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 Knitting in Warm climates
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RobA
Permanent Resident

2373 Posts

Posted - 12/05/2007 :  12:58:20 PM  Show Profile  Visit RobA's Homepage Send RobA a Private Message  Reply with Quote
This is kind of silly, but it has been on my mind. I live in the Mid Atlantic states (snowing and gray and cold, at the moment), and realized as I started this message that I am wearing a pair of handknit wool socks, a wool and tencel neck thingie (gaiter? cowl?) over my top, and have a triangular lace shawl over my winter coat today. I started knitting when I lived in Madison WI and it became an obsession during my life here in PA.

But now I am in the running for a job I really want, in a city I would love to live in, where the temperature today is in the 80s. Sandals most of the year. Now I love love love wearing sandals. But I looked at my closet full of wool yarn and realized that there will be an additional aspect to my culture shock if I get this job. Like, learning to like knitting with cotton and linen! [:00] I know there are active knitting groups in this city, as well as what sounds like a couple of great knitting stores. (I am being superstitious -- don't want to jinx my chances -- but OK, it's San Antonio. Shhhh!)

But I am looking at my partially done pullover in Rowan Kid Classic thinking, "Why finish this? Maybe I should frog it and do a jacket or cardigan. That MIGHT get some wear." So, warm weather knitters, what do you knit, and with what fibers? I have the feeling that I might end up turning to other fibercraft, like weaving and sewing, but I do love to knit.

Rob http://roberta.typepad.com/robknits/

Trina
Permanent Resident

USA
1871 Posts

Posted - 12/05/2007 :  1:47:43 PM  Show Profile Send Trina a Private Message  Reply with Quote
I used to live in Seattle. Circumstances made my DH & I move to AZ. We both dislike it alot here & can't wait to move back to Seattle. My husband was born in Tacoma, WA; I was born in NY, so we both like cold weather! Moving here didn't change my knitting habits much- I still knit with wool, just not in the summer months. I use bamboo, cotton, tencel & silk. When it cools down (AZ is horribly HOT) I go right back to my wool. I hope you'll be able to do the same. There's LOTS of a/c here & in Texas, so you should be fine!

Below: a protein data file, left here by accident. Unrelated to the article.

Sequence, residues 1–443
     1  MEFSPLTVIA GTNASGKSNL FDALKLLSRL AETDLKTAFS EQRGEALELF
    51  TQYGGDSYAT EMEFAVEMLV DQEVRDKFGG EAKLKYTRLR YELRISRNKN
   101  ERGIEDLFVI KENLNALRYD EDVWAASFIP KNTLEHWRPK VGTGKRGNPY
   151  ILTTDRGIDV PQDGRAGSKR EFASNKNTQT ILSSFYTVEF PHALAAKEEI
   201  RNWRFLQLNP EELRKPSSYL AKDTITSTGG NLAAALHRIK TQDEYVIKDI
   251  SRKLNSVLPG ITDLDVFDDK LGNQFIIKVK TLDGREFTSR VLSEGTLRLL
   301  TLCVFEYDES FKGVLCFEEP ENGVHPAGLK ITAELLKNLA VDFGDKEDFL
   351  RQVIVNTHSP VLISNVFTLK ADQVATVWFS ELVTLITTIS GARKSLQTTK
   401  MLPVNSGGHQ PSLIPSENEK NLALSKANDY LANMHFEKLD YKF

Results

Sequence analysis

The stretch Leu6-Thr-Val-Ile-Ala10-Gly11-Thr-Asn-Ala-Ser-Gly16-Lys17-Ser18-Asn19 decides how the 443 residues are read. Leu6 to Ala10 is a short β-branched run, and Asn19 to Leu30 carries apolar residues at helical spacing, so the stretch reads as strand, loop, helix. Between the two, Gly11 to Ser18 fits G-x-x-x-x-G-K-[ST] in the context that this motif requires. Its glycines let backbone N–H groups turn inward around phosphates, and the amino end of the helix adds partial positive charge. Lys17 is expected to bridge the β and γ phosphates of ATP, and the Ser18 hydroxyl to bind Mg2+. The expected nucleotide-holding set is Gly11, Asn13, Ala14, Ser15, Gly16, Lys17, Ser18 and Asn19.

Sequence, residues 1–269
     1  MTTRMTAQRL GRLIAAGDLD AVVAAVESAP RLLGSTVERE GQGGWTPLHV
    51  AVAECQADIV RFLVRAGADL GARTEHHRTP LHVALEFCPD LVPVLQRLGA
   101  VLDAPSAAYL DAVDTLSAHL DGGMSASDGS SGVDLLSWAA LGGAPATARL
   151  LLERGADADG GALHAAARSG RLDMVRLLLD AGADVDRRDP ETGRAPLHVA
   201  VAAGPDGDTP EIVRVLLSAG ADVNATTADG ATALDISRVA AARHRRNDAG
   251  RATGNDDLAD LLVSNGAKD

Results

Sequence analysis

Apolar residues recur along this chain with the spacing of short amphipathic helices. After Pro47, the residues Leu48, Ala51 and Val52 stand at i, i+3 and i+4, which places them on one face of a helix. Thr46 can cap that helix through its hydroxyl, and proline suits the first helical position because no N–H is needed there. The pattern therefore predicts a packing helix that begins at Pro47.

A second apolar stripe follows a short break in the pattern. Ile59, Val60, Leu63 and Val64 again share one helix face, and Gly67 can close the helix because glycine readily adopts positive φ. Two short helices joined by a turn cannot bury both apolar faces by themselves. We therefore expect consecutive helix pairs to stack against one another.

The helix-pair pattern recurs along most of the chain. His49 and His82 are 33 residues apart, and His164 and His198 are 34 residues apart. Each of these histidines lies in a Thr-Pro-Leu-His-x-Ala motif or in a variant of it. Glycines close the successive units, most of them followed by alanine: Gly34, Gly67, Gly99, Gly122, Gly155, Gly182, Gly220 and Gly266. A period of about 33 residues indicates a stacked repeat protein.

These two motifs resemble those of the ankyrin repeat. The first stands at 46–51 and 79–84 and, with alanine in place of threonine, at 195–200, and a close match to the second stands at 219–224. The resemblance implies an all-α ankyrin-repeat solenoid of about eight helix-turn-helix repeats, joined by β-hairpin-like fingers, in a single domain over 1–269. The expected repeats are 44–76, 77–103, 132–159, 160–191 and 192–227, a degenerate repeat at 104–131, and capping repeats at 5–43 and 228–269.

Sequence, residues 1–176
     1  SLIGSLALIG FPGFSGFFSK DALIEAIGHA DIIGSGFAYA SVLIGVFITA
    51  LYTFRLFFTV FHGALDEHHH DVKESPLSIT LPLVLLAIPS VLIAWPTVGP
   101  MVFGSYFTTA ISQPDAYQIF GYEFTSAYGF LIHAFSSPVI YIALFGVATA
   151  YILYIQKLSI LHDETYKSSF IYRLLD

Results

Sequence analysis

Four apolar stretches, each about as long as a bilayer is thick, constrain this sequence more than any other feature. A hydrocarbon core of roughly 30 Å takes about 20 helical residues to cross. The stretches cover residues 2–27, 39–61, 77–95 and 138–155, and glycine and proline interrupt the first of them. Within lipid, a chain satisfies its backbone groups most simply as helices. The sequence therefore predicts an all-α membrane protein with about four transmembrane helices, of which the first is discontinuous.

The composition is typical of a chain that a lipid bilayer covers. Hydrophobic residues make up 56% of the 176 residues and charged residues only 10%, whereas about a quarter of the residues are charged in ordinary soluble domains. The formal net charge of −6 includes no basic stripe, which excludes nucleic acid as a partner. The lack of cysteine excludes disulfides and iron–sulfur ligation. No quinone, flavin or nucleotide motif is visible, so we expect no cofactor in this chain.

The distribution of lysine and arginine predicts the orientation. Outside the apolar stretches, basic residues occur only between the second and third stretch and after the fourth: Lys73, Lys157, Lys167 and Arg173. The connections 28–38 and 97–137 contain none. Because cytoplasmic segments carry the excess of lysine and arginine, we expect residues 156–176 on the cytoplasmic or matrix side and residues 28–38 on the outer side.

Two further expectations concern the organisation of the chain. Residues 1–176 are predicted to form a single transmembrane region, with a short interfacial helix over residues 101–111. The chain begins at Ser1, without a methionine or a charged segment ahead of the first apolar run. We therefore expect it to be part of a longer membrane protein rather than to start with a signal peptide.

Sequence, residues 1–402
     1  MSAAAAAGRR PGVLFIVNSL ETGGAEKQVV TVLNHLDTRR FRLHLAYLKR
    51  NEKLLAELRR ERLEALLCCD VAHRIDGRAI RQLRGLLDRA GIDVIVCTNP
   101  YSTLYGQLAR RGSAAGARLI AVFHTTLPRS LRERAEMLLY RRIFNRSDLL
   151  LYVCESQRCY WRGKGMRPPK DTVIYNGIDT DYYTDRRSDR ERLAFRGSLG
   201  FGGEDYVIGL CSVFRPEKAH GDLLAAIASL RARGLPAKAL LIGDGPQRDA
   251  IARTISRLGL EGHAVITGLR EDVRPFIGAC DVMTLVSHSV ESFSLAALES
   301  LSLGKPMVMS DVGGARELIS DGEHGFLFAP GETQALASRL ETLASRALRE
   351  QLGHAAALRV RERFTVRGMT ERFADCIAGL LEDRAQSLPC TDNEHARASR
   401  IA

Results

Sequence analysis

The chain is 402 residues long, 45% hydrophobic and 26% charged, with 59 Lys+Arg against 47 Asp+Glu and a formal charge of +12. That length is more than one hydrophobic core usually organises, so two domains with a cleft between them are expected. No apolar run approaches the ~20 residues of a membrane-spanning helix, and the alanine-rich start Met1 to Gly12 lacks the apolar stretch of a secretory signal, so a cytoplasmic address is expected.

Hold fast to dreams
For if dreams die
Life is a broken-winged bird that cannot fly.
-Langston Hughes
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susan14_23
Gabber Extraordinaire

USA
551 Posts

Posted - 12/05/2007 :  2:03:54 PM  Show Profile Send susan14_23 a Private Message  Reply with Quote
I live in California. I wouldn't get much use out of a very heavy sweater but I knit socks, scarves, etc. with wool. And as Trina said with air conditioning you still need some warm things. If you want to keep knitting with wool but fear it'll be too hot to wear you can knit for a charity like Afghans for Afghans.

Good luck on getting your new job.

Susan
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Sketcher
Gabber Extraordinaire

597 Posts

Posted - 12/05/2007 :  2:48:10 PM  Show Profile Send Sketcher a Private Message  Reply with Quote
Or you could knit for KR forum members in colder climates.

Maybe especially for those who live near Madison, WI and have 10 inches of snow outside their door with more forecasted for tomorrow.

Shiver, shiver.

Besides, you'll still go visit colder climates, won't you?

And your body temp might drastically change. When I lived in Florida, people who had been there longer dressed a whole lot warmer than I would on a cooler day.
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queenmaxine
Gabber Extraordinaire

USA
472 Posts

Posted - 12/05/2007 :  3:59:19 PM  Show Profile  Visit queenmaxine's Homepage Send queenmaxine a Private Message  Reply with Quote
I live in Houston (we can meet halfway when you are settled at a Starbucks or something to knit!) and I have a thing for chunky pretty wool. The chunkier the better. I knit with it year round and while I do not have a lot of sweaters tha I have knit, I do have a lot of Eileen Fisher sweaters that I wear year round as the work places down here are in general a constant 68-70.

My blog is not strictly knitting, but there are occasional WIP updates and frustration or bragging rants as I am a new knitter.

www.nolanoni.blogspot.com
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Mickey
Permanent Resident

USA
1670 Posts

Posted - 12/06/2007 :  01:23:16 AM  Show Profile Send Mickey a Private Message  Reply with Quote
I'm in Austin - 90 minutes, 2 hours north of San Antonio, for those not too familiar with Tx geography - , and while I do wear linen and cotton practically all year around, I also have and put to good use several wool sweaters, wraps, skirts, leggings, and a coat. Not to mention mittens and countless pairs of socks. Ok, the socks are for work, running and hiking. I also drive a convertible with the top down whenever possible, and even in August the A/C in restaurants, theatres, and people's homes is usually turned up much too high for me, so I need to bundle up when others don't.
And yep, daytime temps are currently in the high 70's, low 80's. But last week they were in the 30's. They'll be shifting like this until early March. So don't despair, you'll be able to wear your woolies and silks around here. If not under a coat/jacket, then instead of one!
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knits_for_preemies
Permanent Resident

USA
1957 Posts